Reading Other Peoples' Texts
Social Identity and the Reception of Authoritative Traditions
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Publisher: Bloomsbury Publishing PLC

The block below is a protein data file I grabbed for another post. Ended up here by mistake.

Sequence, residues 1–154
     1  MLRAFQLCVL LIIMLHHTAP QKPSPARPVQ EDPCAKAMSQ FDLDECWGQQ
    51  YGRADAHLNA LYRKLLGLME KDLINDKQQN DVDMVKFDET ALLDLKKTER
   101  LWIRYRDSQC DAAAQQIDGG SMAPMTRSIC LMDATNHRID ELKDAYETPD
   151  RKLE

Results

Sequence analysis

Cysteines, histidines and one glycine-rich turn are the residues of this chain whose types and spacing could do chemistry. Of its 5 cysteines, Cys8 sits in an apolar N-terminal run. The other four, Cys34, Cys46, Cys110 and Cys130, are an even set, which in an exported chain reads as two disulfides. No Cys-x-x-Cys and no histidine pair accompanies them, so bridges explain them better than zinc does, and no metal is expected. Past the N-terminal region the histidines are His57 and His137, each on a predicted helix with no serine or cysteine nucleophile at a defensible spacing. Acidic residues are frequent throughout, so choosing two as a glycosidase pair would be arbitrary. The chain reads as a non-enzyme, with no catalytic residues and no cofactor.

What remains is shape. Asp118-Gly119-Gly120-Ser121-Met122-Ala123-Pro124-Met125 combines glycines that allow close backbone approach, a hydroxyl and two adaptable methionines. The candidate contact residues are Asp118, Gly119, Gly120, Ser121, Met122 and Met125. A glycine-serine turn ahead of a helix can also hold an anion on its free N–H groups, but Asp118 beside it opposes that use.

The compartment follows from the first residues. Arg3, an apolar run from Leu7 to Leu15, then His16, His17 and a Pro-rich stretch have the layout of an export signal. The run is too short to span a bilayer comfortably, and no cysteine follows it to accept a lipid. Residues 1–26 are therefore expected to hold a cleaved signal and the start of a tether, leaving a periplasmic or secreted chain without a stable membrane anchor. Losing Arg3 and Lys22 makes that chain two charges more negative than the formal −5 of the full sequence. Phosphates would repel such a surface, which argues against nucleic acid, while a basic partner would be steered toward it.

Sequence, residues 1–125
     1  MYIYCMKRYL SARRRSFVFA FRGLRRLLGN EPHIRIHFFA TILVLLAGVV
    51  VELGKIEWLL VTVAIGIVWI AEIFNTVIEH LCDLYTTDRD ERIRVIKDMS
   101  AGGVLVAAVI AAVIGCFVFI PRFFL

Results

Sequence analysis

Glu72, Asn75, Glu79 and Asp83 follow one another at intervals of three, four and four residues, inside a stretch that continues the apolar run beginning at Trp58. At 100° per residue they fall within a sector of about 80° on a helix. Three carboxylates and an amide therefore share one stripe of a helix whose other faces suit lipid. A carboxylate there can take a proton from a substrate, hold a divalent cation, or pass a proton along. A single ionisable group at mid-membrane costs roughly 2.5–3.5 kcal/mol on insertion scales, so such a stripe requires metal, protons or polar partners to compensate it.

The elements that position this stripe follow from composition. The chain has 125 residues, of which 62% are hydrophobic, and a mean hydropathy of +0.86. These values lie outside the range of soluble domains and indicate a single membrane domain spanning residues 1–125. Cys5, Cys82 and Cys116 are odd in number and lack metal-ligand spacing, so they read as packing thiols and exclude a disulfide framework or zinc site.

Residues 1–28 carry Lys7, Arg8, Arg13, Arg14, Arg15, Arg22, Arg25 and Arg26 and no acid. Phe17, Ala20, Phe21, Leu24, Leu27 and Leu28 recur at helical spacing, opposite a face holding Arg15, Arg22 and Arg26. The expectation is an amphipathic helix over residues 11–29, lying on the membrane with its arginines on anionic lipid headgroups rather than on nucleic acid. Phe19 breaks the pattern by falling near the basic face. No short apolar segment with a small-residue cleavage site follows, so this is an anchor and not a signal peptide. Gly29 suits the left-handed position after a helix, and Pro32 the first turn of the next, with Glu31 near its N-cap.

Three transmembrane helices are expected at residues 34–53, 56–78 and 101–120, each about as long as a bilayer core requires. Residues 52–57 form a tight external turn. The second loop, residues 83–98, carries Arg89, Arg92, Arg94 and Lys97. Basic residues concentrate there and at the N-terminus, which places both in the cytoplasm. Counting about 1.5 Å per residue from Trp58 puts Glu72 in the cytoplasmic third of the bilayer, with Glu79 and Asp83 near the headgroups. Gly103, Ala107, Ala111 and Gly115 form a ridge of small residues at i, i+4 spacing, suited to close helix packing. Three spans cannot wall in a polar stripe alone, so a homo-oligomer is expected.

This volume draws together eleven essays by scholars of the Hebrew Bible, New Testament, Greco-Roman religion and early Judaism, to address the ways that conceptions of identity and otherness shape the interpretation of biblical and other religiously authoritative texts. The contributions explore how interpreters of scriptural texts regularly assume or assert an identification between their own communities and those described in the text, while ignoring the cultural, social, and religious differences between themselves and the text's earliest audiences. Comparing a range of examples, these essays address varying ways in which social identity has shaped the historical contexts, implied audiences, rhetorical shaping, redactional development, literary appropriation, and reception history of particular texts over time. Together, they open up new avenues for studying the relations between social identity, scriptural interpretation, and religious authority.